Test 2: VM1-centralized to Datastore Cluster Tier-1 VMs and VMDKs
Migrating a virtual machine stored on a single datastore to a datastore cluster with anti-affinity rules enabled results in a distribution of the virtual machine disk files:
Test result: Intra-VM anti-affinity rule applied and the virtual machine disk files are placed on separate datastores.
Working directory and default anti-affinity rules
Please note that in the previous scenario the configuration file (working directory) is placed on the same datastore as Hard disk 3. Storage DRS does not forcefully attempt to place the working directory on a different datastore. It weighs the load balance state of the cluster heavier than separation from the virtual machine VMDK files.
Test 3: VM2-distributed to Datastore Cluster Tier-1 VMs and VMDKs
Following the example of VM1, I started off by migrating VM2-Distributed to Tier-1 as the datastore cluster is configured to mimic the initial state of the virtual machine and that is to distributed the virtual machine across as many datastores as possible. After selecting Datastore Cluster Tier-1 VM and VMDKs, Storage DRS provided the following recommendation:
Test result: Intra-VM anti-affinity rule applied on VM and the virtual machine disk files are stored on separate datastores.
A nice tidbit, as every virtual disk file is migrated between two distinct datastores, this scenario leverages the new functionality of parallel disk migration introduced in vSphere 5.1.
Test 4: VM2-distributed to Datastore Cluster Tier-2 VMs and VMDKs
What happens if you migrate a distributed virtual machine to a datastore cluster configured with a default affinity rule? Selecting Datastore Cluster Tier-2 VM and VMDKs, Storage DRS provided the following recommendation:
Test result: Intra-VM affinity rule applied on VM and the virtual machines are placed on a single datastore cluster.
Test 5: VM2-distributed to Multiple Datastore clusters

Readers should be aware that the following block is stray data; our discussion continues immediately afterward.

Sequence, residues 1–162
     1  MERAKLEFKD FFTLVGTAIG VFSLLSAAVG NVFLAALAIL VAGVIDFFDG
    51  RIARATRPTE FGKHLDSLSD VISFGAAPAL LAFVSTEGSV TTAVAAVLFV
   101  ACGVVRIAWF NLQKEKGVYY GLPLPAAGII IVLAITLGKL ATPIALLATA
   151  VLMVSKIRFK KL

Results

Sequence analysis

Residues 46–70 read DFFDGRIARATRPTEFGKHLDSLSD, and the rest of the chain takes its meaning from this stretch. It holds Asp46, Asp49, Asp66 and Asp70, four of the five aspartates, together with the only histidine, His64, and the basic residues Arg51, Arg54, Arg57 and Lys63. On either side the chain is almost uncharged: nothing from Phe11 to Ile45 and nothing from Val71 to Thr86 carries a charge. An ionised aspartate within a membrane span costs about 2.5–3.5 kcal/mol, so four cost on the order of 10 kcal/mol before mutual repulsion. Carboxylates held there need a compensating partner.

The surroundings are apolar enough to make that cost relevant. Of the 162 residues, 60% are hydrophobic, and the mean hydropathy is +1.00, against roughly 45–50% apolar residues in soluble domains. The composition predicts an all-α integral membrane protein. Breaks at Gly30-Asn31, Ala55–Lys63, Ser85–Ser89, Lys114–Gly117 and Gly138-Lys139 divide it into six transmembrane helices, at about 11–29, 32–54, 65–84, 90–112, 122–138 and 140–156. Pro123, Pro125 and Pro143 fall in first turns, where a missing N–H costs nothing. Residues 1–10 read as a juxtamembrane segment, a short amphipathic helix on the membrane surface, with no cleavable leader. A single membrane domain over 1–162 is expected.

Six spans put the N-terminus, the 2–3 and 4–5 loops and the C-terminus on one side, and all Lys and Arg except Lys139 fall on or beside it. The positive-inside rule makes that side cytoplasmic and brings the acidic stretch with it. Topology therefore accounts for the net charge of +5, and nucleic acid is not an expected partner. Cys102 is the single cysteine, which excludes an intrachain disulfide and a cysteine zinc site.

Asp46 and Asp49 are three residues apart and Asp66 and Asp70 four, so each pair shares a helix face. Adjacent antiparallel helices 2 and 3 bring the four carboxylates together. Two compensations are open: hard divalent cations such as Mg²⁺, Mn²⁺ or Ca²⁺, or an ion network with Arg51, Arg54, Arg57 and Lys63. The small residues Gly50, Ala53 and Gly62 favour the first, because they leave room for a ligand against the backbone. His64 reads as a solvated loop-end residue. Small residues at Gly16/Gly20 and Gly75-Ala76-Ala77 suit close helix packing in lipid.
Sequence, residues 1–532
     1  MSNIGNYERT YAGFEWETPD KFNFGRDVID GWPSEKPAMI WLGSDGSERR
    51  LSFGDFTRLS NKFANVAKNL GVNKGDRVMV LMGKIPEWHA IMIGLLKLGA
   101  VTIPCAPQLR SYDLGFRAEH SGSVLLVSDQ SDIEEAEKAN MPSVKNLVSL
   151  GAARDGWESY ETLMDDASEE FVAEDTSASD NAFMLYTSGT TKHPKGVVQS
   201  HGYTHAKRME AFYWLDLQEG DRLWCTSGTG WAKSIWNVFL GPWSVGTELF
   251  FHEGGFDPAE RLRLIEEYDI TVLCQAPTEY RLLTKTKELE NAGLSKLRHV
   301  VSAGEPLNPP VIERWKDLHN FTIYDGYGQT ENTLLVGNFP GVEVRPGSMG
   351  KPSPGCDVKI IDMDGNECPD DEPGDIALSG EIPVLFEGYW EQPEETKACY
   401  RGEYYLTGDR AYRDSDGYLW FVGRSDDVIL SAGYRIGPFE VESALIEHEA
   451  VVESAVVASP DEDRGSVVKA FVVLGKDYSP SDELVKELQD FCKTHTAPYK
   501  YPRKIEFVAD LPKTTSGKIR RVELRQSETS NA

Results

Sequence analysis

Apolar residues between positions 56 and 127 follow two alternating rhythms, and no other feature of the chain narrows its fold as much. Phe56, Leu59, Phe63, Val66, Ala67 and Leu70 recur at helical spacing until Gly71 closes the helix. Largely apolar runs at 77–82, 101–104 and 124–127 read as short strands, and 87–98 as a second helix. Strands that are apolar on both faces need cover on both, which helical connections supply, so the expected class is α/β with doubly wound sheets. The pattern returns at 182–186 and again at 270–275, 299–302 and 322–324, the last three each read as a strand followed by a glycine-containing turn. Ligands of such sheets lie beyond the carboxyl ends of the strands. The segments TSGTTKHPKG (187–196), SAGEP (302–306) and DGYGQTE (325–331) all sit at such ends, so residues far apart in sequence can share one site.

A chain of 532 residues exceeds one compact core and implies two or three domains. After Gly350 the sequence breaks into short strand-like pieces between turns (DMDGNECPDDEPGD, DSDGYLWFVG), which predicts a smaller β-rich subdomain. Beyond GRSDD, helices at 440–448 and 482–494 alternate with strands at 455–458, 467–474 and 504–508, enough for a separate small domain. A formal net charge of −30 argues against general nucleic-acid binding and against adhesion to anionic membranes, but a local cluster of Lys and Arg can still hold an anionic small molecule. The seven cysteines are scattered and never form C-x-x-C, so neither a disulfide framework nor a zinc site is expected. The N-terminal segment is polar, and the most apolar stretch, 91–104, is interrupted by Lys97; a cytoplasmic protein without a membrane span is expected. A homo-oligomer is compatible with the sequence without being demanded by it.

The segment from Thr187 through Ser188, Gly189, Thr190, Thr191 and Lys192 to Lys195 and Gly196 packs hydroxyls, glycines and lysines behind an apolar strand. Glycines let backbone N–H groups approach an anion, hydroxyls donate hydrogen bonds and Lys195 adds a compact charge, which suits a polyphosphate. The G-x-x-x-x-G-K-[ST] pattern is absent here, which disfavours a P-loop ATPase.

A common use case is to distribute a virtual machine across multiple tiers of storage to provide performance while taken economics into account. This test simulates the exercise of placing the working directory and guest OS disk (Hard disk 1) on datastore cluster Tier 2 and the database and logging hard disk (Hard disk 2 and Hard disk 3) on datastore cluster Tier 1.
In order to configure the virtual machine to use multiple datastores, click on the button Advanced during the second step of the migration:
This screen shows the current configuration, by selecting the current datastore of a hard disk a browse menu appears:
Select the appropriate datastore cluster for each hard disk and click on next to receive the destination datastore recommendation from Storage DRS.
The working directory of the VM and Hard disk 1 are stored on datastore cluster Tier 2 and Hard disk 2 and Hard disk 3 are stored in datastore cluster Tier 1.
As datastore cluster Tier 2 is configured to keep the virtual machine files together, both the working directory (designated as Configuration file in the UI) and Hard disk 1 are placed on datastore nfs-f-05. A default anti-affinity rule is applied to all new virtual machines in datastore cluster 2, therefore Storage DRS recommends to place Hard disk 2 on nfs-f-07 and Hard disk 3 on datastore nfs-f-01.
Test result: Intra-VM anti-affinity rule applied on VM. The files stored in Tier-2 are placed on a single datastore, while the virtual machine disk files stored in the Tier-1 datastore are located on different datastores.
|Initial VM configuration
|Cluster default affinity rule
|Working directory + Hard disk 1
|Hard disk 2 and Hard disk 3
All types of migrations with the UI lead to a successful integration with the datastore cluster. Every migration results in an application of the correct affinity or anti-affinity rule set by the default affinity rule of the cluster.